When did France Fall in Love with SWFs?

Ashby Monk

Less than two years ago, France was leading the charge against sovereign wealth funds. Recall this statement by President Nicolas Sarkozy in 2007:

“We’ve decided not to let ourselves be sold down the river by speculative funds, by unscrupulous attitudes which do not meet the transparency criteria one is entitled to expect in a civilised world. It’s unacceptable and we have decided not to accept it.”

Things have changed. To begin, France is itself now a sponsor of a SWF. So, it clearly sees the benefit of state run financial institutions. However, given that the new French SWF was designed to thwart the influence of other, foreign SWFs over the French economy, this may not be the best signal that France has accepted the role of SWFs in the global community.

Nonetheless, some new evidence suggests this acceptance is forthcoming. France’s Minister of Economy, Industry and Employment, Christine Lagarde struck a tone recently that signaled a positive outlook about SWFs:

“Of course we welcome those investments. France is very much open to foreign direct investment. It is the second destination for FDI in the world after the United States. So it comes before the UK before Germany. It’s open…Foreign direct investments by sovereign funds are welcome. We’re not afraid. We don’t regard them as a threat.”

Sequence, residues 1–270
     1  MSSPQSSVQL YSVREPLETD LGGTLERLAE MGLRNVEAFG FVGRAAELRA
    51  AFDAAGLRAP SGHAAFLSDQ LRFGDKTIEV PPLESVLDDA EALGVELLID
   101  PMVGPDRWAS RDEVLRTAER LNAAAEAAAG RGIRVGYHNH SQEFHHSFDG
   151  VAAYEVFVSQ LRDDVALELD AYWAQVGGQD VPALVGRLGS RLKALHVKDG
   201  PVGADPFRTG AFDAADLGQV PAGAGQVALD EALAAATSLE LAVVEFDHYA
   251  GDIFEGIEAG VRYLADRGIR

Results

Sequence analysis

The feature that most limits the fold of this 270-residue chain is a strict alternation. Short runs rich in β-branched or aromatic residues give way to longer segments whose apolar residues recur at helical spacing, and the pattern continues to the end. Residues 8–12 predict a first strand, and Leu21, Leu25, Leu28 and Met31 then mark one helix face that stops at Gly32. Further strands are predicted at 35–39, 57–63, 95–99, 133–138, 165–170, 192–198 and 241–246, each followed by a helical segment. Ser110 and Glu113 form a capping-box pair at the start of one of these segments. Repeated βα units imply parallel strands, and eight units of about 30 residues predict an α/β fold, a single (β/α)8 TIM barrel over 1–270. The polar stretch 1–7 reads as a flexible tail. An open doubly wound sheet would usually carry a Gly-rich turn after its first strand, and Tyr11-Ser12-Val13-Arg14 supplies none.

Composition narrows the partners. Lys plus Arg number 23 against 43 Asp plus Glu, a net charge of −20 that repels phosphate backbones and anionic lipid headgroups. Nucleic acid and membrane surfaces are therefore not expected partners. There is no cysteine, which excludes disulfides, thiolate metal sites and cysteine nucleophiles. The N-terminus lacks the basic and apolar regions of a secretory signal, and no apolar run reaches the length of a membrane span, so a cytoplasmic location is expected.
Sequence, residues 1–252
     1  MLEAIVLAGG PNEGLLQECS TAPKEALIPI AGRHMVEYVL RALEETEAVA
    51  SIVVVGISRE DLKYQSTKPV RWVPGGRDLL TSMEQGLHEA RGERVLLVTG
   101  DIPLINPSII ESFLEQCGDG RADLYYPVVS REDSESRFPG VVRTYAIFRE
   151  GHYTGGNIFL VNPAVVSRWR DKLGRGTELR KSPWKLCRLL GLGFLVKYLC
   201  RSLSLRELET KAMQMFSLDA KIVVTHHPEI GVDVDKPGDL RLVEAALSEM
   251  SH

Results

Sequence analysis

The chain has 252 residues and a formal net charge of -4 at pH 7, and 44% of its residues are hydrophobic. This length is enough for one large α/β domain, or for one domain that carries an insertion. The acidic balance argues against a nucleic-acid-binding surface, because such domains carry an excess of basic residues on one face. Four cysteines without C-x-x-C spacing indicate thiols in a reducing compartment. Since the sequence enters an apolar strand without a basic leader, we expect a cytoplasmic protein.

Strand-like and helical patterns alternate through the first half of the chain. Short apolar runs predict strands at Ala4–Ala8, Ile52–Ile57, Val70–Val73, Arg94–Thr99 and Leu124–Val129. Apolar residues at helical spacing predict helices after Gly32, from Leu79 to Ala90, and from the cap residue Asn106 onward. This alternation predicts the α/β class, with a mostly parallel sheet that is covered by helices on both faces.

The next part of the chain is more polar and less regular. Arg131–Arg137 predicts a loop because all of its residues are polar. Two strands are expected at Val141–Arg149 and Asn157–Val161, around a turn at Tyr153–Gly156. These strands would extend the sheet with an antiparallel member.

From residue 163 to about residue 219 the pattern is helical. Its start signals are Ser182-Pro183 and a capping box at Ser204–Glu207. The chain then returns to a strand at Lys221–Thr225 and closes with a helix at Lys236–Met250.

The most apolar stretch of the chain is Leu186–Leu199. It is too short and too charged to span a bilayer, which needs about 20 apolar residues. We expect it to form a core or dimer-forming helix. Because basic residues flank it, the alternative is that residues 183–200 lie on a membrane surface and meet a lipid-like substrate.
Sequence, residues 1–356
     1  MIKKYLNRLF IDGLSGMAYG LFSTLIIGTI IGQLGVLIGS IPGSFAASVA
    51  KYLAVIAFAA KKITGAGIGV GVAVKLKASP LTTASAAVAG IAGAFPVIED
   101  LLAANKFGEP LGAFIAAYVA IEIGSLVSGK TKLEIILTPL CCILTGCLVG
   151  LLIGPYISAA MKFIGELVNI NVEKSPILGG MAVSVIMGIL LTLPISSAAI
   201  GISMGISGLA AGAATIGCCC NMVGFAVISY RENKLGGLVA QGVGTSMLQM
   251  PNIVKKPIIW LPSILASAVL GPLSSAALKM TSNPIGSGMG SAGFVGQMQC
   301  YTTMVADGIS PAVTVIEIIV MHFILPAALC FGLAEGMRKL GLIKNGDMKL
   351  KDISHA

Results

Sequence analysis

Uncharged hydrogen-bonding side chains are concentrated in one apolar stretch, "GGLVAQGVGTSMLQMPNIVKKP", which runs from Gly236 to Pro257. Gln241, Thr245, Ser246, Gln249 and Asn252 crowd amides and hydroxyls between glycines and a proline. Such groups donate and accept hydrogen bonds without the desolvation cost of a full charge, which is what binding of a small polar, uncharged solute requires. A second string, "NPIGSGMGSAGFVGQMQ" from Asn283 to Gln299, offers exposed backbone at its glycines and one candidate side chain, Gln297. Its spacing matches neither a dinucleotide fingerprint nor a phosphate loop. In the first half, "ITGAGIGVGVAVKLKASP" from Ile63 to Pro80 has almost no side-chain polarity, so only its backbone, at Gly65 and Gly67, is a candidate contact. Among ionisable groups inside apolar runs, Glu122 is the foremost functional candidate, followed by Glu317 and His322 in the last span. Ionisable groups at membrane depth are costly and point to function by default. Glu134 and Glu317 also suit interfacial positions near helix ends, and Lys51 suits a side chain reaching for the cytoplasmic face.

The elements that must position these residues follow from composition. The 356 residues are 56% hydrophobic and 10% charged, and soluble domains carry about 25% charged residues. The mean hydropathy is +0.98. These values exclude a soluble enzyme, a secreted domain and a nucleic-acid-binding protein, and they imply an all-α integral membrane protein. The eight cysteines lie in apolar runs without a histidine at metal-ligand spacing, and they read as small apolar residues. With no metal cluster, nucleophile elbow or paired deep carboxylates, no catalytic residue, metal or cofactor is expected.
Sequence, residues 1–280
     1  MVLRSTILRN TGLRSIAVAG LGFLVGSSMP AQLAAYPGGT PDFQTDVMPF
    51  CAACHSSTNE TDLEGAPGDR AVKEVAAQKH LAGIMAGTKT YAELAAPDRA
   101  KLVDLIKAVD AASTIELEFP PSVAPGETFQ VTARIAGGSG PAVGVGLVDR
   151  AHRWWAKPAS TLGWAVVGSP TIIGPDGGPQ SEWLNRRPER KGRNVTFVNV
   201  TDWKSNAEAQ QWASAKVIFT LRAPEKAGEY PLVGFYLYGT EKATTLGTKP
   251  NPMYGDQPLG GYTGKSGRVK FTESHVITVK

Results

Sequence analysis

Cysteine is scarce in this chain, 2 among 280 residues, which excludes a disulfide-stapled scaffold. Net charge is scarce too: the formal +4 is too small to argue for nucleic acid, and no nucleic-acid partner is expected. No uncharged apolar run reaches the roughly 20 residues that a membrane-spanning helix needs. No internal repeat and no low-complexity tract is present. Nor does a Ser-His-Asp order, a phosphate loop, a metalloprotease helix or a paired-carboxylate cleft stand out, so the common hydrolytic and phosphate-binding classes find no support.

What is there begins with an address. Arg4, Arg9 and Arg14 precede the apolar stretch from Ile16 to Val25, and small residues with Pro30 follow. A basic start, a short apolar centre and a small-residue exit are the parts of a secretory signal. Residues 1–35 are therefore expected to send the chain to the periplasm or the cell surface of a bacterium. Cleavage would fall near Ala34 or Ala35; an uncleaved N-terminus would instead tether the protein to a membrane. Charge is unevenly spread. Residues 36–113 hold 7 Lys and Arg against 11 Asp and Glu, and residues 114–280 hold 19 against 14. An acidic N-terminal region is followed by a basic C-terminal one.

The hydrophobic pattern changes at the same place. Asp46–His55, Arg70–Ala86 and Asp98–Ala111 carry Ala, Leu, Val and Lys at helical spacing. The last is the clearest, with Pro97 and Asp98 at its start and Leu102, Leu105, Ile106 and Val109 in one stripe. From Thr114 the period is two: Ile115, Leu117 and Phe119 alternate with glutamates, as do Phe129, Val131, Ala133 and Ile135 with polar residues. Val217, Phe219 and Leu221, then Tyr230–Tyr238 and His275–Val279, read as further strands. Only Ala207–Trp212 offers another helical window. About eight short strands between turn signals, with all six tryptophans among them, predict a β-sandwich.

Lagarde is in the UAE to sign a cooperation agreement between the Strategic Investment Fund of France and Mubadala. Basically, the two will work together to make investments in France.

In short, it appears that France is comfortable with a model that sees foreign SWFs clubbing with the French SWF on French investments. So, in a matter of two years, France has gone from viewing SWFs as a threat to signing a deal that ensures foreign and domestic SWFs will be key players in France economy.

La France change d’avis comme de chemise…

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This website is a project of Professor Gordon L. Clark and Dr. Ashby Monk of the School of Geography and the Environment at the University of Oxford. Their research on sovereign wealth funds is funded by the Leverhulme Trust and The Rotman International Centre for Pension Management.

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